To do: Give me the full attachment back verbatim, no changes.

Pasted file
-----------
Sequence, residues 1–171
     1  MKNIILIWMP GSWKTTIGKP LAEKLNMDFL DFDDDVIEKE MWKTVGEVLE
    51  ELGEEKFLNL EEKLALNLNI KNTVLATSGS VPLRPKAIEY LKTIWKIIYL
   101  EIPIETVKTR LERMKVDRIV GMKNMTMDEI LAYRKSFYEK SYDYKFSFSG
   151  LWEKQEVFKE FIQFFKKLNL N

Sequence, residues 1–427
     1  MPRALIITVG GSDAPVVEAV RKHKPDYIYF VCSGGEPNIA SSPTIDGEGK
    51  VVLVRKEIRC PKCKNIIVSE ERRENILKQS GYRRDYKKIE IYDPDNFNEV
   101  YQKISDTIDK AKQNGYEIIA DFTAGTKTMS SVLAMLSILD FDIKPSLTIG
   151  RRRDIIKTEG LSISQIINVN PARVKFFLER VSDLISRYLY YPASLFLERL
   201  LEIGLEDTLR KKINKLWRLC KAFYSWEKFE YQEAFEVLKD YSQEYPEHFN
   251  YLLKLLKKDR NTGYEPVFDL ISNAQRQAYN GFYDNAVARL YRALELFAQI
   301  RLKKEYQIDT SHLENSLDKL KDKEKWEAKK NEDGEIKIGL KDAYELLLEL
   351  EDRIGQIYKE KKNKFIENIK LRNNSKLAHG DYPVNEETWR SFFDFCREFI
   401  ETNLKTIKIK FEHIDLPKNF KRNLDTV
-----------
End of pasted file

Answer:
Sequence, residues 1–171
     1  MKNIILIWMP GSWKTTIGKP LAEKLNMDFL DFDDDVIEKE MWKTVGEVLE
    51  ELGEEKFLNL EEKLALNLNI KNTVLATSGS VPLRPKAIEY LKTIWKIIYL
   101  EIPIETVKTR LERMKVDRIV GMKNMTMDEI LAYRKSFYEK SYDYKFSFSG
   151  LWEKQEVFKE FIQFFKKLNL N

Sequence, residues 1–427
     1  MPRALIITVG GSDAPVVEAV RKHKPDYIYF VCSGGEPNIA SSPTIDGEGK
    51  VVLVRKEIRC PKCKNIIVSE ERRENILKQS GYRRDYKKIE IYDPDNFNEV
   101  YQKISDTIDK AKQNGYEIIA DFTAGTKTMS SVLAMLSILD FDIKPSLTIG
   151  RRRDIIKTEG LSISQIINVN PARVKFFLER VSDLISRYLY YPASLFLERL
   201  LEIGLEDTLR KKINKLWRLC KAFYSWEKFE YQEAFEVLKD YSQEYPEHFN
   251  YLLKLLKKDR NTGYEPVFDL ISNAQRQAYN GFYDNAVARL YRALELFAQI
   301  RLKKEYQIDT SHLENSLDKL KDKEKWEAKK NEDGEIKIGL KDAYELLLEL
   351  EDRIGQIYKE KKNKFIENIK LRNNSKLAHG DYPVNEETWR SFFDFCREFI
   401  ETNLKTIKIK FEHIDLPKNF KRNLDTV